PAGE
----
F or the past 4 ½ years, I have been very vocal about my views that we need to change the way in which family law is handled in the United States. I have received a great deal of media attention regarding my opinions that the family law system in the US destroys families and my views on better and more constructive ways of handling such matters. Many people who pay attention to my efforts consider me a thought leader in the field of family law, which is my field of practice. In fact, the producers of The Divorce Expo in Detroit selected me as the keynote speaker for the opening night of their weekend event, which took place in March.
 
The expo offered resources and information to the Detroit metro community regarding positive and future-oriented options for divorce. Even though family law is state specific, they “imported” me from California to speak at their event. Moreover, after hearing my keynote speech and seeing people’s reactions to it, organizers invited me to become a member of their advisory board. They said their future events would benefit from my “innovative and thought-provoking contribution.”  
 
I began my speech by saying, “Like it or not, if there are children of the relationship [regardless of their age], the family still exists after the relationship ends. The manner in which you end a relationship determines whether your family will be functional or dysfunctional from that day forward.”
 
Rarely is a legal problem purely legal, especially in family law. Almost all disputes involve emotional and interpersonal dynamics. Successfully resolving those disputes requires skills beyond those traditionally taught in law schools.
 
In her book titled “The Good Karma Divorce,” Judge Michele Lowrance, a domestic relations judge in the Circuit Court of Illinois, wrote “The court system was not built to house these emotions, and attorneys are not trained to reduce this kind of suffering. Divorcing people expect relief far beyond what the legal realm can provide from their attorneys and the courts, and they often end up feeling like members of a powerless, unprotected class.”
 
Almost all divorces occur because of some level of conflict between the spouses. The adversarial system certainly does not reduce that conflict. If there are children involved, we should be attempting to reduce the conflict. That certainly cannot occur in an adversarial system. The amount of damage that the adversarial system causes families is a matter of degree — some more than others. Research indicates that the process of litigation increases the conflict and trauma for separating parties. This impacts the children of the relationship and even extended family members.  
 
In 1996, the Australian government reformed its family law system in an effort to make it “more responsive to families in need and by making it simpler to negotiate appropriate outcomes.” It accomplished this by shifting the focus from litigation as the first choice for the resolution of family law disputes. Since then, mediation has become the primary dispute resolution in family law.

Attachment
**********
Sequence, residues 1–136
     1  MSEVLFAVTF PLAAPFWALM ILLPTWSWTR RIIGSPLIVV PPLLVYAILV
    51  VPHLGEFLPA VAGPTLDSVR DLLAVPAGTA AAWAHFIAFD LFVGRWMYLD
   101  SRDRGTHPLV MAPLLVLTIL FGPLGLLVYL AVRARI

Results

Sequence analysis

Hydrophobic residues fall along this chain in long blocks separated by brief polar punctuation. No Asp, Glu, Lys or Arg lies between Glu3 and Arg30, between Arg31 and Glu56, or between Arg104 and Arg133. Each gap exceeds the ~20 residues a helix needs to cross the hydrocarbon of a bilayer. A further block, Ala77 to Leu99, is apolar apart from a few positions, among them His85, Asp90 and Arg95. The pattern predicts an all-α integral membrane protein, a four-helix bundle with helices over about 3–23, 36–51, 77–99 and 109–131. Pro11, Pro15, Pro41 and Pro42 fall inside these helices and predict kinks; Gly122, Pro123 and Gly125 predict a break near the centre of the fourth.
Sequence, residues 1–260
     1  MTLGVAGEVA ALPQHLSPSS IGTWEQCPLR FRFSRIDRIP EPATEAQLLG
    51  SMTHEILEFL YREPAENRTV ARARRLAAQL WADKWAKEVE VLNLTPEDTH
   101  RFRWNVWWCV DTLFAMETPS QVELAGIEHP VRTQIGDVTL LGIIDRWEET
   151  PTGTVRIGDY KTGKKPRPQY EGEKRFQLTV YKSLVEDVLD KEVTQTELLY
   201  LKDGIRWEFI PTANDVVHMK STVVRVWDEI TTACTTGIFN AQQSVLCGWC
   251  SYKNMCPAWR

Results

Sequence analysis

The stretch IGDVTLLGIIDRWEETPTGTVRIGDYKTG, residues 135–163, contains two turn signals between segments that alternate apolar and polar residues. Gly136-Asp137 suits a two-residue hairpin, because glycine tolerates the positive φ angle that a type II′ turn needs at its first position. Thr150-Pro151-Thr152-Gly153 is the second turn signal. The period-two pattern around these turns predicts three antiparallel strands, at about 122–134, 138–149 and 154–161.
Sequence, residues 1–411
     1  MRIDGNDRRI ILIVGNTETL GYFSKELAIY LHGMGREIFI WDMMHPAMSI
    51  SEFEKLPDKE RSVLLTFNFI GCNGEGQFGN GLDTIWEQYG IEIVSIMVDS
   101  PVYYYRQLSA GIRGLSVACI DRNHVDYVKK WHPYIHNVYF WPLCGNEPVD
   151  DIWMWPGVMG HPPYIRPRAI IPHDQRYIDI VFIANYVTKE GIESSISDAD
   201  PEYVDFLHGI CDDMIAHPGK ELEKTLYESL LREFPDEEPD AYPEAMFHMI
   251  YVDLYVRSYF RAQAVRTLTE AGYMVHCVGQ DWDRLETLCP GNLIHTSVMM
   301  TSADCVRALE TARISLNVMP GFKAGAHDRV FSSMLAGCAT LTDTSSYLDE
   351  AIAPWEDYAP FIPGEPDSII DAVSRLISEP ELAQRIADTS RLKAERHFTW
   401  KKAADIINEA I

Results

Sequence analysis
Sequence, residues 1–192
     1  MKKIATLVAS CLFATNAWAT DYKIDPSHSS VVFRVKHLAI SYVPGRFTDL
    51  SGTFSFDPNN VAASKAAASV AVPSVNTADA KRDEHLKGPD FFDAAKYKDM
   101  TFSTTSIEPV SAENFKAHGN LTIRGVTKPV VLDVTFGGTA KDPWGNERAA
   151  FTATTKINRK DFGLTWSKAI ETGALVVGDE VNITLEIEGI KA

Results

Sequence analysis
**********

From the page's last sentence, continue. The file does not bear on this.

Almost a year ago, England and Wales made similar reforms to their family law systems.  And British Columbia recently passed the New Family Law Act, which shifts the focus from litigation to mediation as the primary means of dispute resolution in family law.  
 
While litigation is costlier and more destructive than handling matters through some sort of consensual dispute resolution process, it is much easier. All the parties need to do is throw their money at the lawyer, and the “guns for hire” experts they employ and ultimately allow a judge to decide their fate and that of their family. It is much more difficult for individuals in conflict or high conflict to jointly resolve their issues, even with the help of professionals.
Unless and until the default process for handling divorce and other family law matters is changed from litigation to some form or forms of consensual dispute resolution, it only takes one person to sink the ship and thus destroy the family. Without actually changing the default process itself, someone may likely abandon the consensual dispute resolution process as soon as it becomes too difficult for them. Parents who end up in court are forced into an adversarial system that knows little about child development and less about the best interests of children or the family unit. 
 
The decision to take the easy way out creates a massive amount of destruction to assets and children and destroys families. We must, therefore, do what other countries have already done and change the default. One member of the family should not have this much power and ability to cause so much destruction to his or her spouse and the other members of the family.  
 
It is my opinion that no one can expect a couple to effectively parent after being exposed to the court process. n
Mark B. Baer is a family law attorney/mediator/collaborative law practitioner with an office in Pasadena who has practiced law in Los Angeles for more than 20 years. His firm represents individuals on issues regarding family law, divorce, child custody, child support, spousal support, restraining orders, paternity actions and domestic partnerships. For more information, please visit markbaeresq.com.